Walk into the Michelle Nicole Lowe Art Gallery in Islamorada and there’s a great chance a smiling Michelle will take a break from painting her latest watercolor creation of colorful marine life to greet you.
The 29-year-old Keys native is one of several artists who have opened their own galleries over the past couple of years in the island tourist town — which is billed as the Sports Fishing Capital of the World, but also has a lesser known but vibrant, growing art community.
“The ocean inspires a lot of the artists who are here,” said Lowe, an avid diver and snorkeler who takes off two days a week to “do research” for her art.
Along a short stretch of the Overseas Highway, between mile markers 81 and 87, art lovers can find an eclectic mix of galleries, public art and studios that offer classes in painting, ceramics and glass blowing. About 80 miles from downtown Miami, it’s an easy and scenic drive for an artsy getaway.
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There are places that feature lobster trap art and others that sell oil paintings for thousands. And last year the Keys History & Discovery Center, which exhibits local and Florida art, opened at the Guy Harvey Outpost Islander Resort.
But the places all have one aspect in common: super-friendly artists, owners and curators who are happy to talk art with visitors.
“Come inside,” said Samantha Decker-Hoppen, a ceramics artist and partner in Morada Way Clay, a fine arts gallery and ceramics studio housed in a warehouse. Its slogan: “An adventure in art.”
“Families can come here and play in the clay,” Decker-Hoppen said.
“One day we had a family of 11, and six were kids,” added Frank Shaw, a ceramics artist and partner in the business. “That was a crazy day.”
Morada Way Clay offers classes that include Raku Friday, during which participants can choose a piece of pottery to glaze and then relax outside as it is fired in a special raku kiln. The process created by the Japanese uses both fire and smoke to create unique patterns and designs.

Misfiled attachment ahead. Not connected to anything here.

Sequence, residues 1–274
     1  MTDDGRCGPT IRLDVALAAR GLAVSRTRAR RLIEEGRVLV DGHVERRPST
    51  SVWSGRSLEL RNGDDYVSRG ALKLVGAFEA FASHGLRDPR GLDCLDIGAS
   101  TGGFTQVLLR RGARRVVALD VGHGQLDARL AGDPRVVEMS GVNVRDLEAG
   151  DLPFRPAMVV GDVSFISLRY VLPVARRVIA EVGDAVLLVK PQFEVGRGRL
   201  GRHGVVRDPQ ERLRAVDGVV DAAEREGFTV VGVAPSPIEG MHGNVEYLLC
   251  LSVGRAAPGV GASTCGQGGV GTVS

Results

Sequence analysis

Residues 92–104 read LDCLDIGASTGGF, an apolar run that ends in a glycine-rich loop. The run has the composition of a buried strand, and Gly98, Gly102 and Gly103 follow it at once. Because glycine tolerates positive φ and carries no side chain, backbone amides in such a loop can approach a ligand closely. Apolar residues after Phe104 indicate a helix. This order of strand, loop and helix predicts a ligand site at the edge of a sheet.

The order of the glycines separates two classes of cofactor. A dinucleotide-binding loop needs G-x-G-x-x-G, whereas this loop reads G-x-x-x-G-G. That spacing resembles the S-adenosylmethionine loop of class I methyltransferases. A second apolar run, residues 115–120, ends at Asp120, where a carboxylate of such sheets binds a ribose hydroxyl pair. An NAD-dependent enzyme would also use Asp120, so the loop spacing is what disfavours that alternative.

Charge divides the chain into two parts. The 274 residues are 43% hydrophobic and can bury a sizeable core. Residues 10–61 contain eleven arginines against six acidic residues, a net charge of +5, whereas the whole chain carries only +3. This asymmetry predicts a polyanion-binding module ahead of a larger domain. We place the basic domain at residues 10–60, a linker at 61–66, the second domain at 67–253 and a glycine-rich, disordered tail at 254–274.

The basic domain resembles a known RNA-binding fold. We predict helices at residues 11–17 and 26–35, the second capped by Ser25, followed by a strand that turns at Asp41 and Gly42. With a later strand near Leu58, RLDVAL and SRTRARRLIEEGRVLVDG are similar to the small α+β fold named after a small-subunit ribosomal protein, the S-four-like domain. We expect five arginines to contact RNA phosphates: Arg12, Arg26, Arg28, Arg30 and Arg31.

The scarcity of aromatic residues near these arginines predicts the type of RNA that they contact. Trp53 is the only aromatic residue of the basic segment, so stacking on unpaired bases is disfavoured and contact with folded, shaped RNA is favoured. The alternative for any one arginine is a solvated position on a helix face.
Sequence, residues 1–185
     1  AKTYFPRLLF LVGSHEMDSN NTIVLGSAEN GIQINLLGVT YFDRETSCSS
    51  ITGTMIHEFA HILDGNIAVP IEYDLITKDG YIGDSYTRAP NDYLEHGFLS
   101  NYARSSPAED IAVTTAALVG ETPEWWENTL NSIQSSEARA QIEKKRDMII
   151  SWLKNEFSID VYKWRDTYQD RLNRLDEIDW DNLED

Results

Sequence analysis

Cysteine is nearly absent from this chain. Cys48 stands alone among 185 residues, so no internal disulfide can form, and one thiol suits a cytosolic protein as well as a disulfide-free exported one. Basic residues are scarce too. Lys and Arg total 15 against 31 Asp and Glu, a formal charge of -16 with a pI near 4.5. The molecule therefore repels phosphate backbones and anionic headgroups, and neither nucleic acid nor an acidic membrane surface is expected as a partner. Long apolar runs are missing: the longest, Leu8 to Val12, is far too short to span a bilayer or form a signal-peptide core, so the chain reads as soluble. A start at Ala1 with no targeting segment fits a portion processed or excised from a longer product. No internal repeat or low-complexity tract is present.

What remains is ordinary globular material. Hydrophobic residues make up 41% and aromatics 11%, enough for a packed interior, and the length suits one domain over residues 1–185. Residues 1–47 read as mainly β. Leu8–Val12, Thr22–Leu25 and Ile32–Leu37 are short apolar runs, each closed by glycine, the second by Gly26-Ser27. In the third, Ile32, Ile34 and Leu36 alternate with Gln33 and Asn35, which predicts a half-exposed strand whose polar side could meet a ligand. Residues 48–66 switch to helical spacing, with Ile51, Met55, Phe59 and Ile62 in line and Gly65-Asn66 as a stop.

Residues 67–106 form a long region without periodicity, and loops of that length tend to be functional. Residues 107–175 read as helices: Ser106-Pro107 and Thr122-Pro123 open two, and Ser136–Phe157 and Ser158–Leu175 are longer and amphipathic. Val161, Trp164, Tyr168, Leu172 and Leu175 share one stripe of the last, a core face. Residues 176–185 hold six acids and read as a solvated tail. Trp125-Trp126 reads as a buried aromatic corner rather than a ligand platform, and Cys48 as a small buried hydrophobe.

The gallery and studio are part of the Morada Way Arts & Cultural District, which was formed three years ago to create cultural events and get the word out about the tight-knit art community.
“We offer something to do that’s different than being out on the water,” said Besty Keteltas, the art district’s executive director.
The heart of the district is a pedestrian-friendly, six-block stretch around mile marker 81.5.
It includes the Roberto “Pasta” Pantaleos Signature Gallery. His paintings of sea turtles, sail fish and mangroves showcase the beauty of the water world of the Keys.
Another mainstay is the Redbone Saltwater Art Gallery, owned by Capt. Gary and Susan Ellis. They began collecting artwork to use as prizes for their Redbone fishing tournaments to raise money to find a cure for cystic fibrosis, a disease that inflicts their daughter.
Their first grand prize was an original Millard Wells watercolor, Fisherman’s Sunrise. Their gallery now features the works of about 20 artists.
Gallery Morada is a fine American craft gallery owned by Laurie Wickham. “Almost everything is handmade in the United States, with a few things made in Europe,” she said.
The gallery is packed with one-of-a-kind pieces representing the works of about 200 artists. There’s blown glass by Randy Solin, wind-driven sculptures by Mark White and jewelry made from molds of soapstone sculptures created by Somers Randolph, a nationally recognized sculptor.
Behind the building is an exquisite garden with garden boxes created by Jennifer Hagood. In the garden, work is now being finished on an outdoor culinary lab, where classes will be taught. “You can learn how to prepare Japanese sushi, French cooking, farm to table, tandoori and more,” Keteltas said. “The best way to grow culture is through food.”
The art district also includes OASIS, which stands for “Outreach Art Studio Island Style.” The nonprofit studio exhibits the works of emerging artists and serves as a space to teach painting and other types of art classes.
Other artsy places to explore in Islamorada: The Gallery inside Ocean Sotheby’s International Realty displays rotating exhibits of artists, most of them regional. The Stacie Krupa Gallery features her fine art inside and amusing signs outside. One says: “I feel strongly that the visual arts are of vast and incalculable importance. Of course I am prejudiced. I am a visual art.” — Kermit the Frog.
Also worth checking out is The Banyan Tree, a tropical garden and boutique that includes some unique orchid/pottery combinations.
The art district also hosts the popular ArtWalk every third Thursday of the month and organizes other special events. Information: www.moradaway.org.